SOME DUDE'S MIDLIFE
Somebody give this man a reality check, and fast! I kept on hoping that he would circle around again so I could get a better shot, but he was either unable to park his "car" or tired of showing off his purchasing power. I wonder if he was capable of realizing just how ridiculous he looked. They say that the vehicle you drive speaks volumes about you ... indeed, the moment I glimpsed this monstrosity, I became convinced that he was either an asshole who never grew up, or maybe just an idiot. In order to ascend to the driver's seat, he must have either a little ladder on wheels or a family content to build a human pyramid that he can climb on. Or perhaps he has such a ghastly number of gas receipts, he is able to achieve such heights by piling them next to the door!
I had a freakishly hard time focusing on the weird purple berries. I think I like the second berry photo better, but I included them both as a testament to the fifteen minutes it took to get the camera to look at them and not at the leaves in the background.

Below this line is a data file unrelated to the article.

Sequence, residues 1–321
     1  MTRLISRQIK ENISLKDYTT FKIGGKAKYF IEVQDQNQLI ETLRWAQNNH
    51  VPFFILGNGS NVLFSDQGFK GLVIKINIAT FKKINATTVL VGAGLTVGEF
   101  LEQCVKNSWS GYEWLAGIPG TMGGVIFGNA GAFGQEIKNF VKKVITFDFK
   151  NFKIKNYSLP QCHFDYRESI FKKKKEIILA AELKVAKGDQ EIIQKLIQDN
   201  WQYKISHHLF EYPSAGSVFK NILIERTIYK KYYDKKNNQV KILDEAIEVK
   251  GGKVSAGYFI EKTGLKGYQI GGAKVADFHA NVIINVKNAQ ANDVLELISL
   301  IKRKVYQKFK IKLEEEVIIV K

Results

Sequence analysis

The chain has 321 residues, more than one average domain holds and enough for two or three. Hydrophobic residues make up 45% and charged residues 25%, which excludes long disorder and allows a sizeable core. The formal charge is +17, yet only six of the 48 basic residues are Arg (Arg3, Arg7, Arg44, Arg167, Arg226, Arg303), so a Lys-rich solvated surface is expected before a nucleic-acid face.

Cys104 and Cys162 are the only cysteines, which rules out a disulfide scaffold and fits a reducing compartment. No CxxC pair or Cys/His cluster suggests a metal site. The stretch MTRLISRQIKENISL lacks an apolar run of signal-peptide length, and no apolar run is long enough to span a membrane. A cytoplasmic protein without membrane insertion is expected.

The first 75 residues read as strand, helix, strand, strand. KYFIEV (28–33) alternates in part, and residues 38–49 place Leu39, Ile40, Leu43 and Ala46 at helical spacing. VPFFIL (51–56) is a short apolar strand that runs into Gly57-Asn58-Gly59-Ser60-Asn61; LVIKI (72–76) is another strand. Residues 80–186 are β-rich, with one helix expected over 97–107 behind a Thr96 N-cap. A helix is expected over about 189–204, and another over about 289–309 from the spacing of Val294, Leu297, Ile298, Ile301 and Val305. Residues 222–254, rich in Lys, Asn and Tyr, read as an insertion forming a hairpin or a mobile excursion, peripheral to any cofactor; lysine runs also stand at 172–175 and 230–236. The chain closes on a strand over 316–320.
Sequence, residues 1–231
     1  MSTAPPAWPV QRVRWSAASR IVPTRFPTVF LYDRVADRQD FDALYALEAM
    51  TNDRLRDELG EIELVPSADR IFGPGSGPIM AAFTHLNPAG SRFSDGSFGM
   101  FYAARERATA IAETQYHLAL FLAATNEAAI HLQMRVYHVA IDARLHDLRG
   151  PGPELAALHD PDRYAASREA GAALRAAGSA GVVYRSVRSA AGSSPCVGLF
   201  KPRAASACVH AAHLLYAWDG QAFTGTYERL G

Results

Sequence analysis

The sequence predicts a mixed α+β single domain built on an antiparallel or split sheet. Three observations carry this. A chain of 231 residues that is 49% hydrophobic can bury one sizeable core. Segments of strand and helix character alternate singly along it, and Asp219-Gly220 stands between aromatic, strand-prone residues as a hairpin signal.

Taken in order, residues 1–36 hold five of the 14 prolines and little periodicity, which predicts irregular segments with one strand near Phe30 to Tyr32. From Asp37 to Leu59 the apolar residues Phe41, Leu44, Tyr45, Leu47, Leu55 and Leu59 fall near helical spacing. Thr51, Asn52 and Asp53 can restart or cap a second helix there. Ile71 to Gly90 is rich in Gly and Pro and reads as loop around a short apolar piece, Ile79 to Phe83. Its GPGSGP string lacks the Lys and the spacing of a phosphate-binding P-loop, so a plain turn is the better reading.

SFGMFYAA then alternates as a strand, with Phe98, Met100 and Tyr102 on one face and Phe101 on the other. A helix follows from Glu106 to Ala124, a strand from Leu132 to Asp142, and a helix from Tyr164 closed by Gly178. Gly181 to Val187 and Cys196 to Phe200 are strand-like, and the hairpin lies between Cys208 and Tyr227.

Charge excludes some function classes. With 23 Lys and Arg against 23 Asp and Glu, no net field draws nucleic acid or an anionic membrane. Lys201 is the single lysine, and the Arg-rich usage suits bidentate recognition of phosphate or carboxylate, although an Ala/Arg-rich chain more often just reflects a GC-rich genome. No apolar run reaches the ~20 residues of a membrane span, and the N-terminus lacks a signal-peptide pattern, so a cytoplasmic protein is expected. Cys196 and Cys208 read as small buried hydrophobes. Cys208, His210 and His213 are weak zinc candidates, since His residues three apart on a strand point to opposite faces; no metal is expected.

The last three sunset shots are all very similar, but I couldn't decide which one I liked best. The way the lighting and clouds combined reminded me of flames on the hilltop.
AND SOME STUFF ON OR NEAR THE STREETS
Photographing what remained of the snake was not my idea ... though I did cooperate. For the record, I recognize roadkill as touchy (and a little gross) subject matter, as I have done a "photoshoot" pertaining to squished critters before. In an assignment, we were to communicate the concept "No wild, no wildlife." I knew instantly that nearly all of my classmates would resort to stereotypical images of Africa (and they did), so I wanted something a little more jarring, a little more close to home. I wanted urban sprawl and roadkill. That project remains one of the highest grades I ever obtained in that GPA miser's class, for not only did I have the "different" idea, I could not find any images of roadkill in magazines, and had to go out to find my own material. I recruited a friend who drove me around for hours until we found "satisfactory" specimens: not too flat, recognizable as a wild animal and definitely dead. Though a couple shots are good, I may never put them online, as I don't want to offend the overly sensitive, have animal activists breathing down my neck about respecting the remains, and don't want people to think that I touched the bodies in any way - I photographed them as I found them.
Anyway, this weekend's highlights can be summed up thus: tomato bisque, boats and a lot of chocolate truffle cake.